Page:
Amendments made to the Horticulture Export Authority Act (HEA)
This Act is designed to both help New Zealand exporters gain market traction in developing markets, and to hold market share in developed markets. It has been an important tool assisting the growth of horticulture in key markets. The products that come under this system are avocados, blackcurrants, buttercup squash, chestnuts, kiwifruit - just to Australia, persimmons, summer fruit, tamarillos and truffles.
The way the HEA system works is twofold: it sets minimum grade standards for the produce being exported and develops generic marketing and promotional plans for the countries the produce is being exported to. It does not permit any control of volumes into the market, or the price at which the produce is to be sold. Volume and price are up to the individual exporters to decide.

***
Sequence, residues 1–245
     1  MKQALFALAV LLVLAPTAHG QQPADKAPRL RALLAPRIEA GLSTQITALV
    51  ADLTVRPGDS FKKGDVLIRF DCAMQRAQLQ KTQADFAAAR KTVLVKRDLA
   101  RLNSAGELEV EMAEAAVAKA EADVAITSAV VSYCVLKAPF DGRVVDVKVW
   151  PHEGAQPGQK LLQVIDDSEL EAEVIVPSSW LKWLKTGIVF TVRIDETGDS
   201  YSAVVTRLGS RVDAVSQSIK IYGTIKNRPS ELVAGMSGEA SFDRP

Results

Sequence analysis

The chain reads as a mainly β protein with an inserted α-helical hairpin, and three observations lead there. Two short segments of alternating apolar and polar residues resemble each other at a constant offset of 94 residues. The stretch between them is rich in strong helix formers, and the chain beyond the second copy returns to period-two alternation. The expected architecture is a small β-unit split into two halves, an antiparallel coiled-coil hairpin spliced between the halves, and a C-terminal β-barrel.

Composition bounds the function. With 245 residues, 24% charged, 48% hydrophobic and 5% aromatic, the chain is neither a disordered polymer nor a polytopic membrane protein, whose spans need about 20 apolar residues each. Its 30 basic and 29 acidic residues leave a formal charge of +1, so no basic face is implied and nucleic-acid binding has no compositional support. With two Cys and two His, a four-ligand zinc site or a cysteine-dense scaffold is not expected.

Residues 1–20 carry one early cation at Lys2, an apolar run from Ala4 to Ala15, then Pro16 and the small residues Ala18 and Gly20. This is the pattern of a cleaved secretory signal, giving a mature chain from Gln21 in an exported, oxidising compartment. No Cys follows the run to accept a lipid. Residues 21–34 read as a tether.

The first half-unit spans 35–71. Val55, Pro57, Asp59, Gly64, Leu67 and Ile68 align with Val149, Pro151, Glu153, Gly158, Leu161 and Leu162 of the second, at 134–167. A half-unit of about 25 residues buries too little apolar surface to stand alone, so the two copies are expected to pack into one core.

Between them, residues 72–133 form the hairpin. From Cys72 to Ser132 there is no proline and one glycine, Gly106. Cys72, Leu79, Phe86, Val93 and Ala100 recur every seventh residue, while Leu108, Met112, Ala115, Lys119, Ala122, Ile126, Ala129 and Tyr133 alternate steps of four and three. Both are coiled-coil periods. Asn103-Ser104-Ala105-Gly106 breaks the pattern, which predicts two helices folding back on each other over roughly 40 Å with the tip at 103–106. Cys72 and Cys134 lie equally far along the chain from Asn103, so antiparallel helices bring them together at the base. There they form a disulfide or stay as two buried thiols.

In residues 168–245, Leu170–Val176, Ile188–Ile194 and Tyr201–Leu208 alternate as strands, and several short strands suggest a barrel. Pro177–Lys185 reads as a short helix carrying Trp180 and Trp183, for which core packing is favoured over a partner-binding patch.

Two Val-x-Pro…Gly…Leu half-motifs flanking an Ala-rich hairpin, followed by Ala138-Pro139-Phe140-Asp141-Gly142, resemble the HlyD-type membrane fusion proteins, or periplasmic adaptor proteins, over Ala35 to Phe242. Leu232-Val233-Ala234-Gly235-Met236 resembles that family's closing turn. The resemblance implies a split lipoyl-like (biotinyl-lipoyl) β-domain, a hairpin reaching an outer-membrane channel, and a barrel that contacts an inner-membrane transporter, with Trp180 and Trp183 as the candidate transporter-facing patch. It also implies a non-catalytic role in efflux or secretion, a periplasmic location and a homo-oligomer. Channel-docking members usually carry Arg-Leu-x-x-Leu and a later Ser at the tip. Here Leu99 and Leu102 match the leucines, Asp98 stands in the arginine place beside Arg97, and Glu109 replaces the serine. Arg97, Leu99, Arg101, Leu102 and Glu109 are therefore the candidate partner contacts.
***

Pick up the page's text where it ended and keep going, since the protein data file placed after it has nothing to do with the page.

The biggest benefit from the HEA system in my view, does not come from any of the rules, it comes from the need for growers and exporters to collaborate on setting the grade standards for export and developing marketing and promotional strategies. In effect, this develops into one voice and one in-market approach. There is strength in numbers, especially when the exporters are not large operators, and definite strength in unity when competing in offshore markets.
The amendments tidied up some administrative details, including increasing the fines for failing to comply with the HEA rules from $10,000 to $50,000; setting the requirements for products to vote to come under the HEA system (now 60% of growers and exporters by number and value); and allowing for different regimes to apply to different countries. The last amendment permits a different set of quality standards to apply to different countries, recognising the differences between mature and developing markets.
This is a good enhancement of a system that is already serving horticulture well.
- Mike Chapman, CEO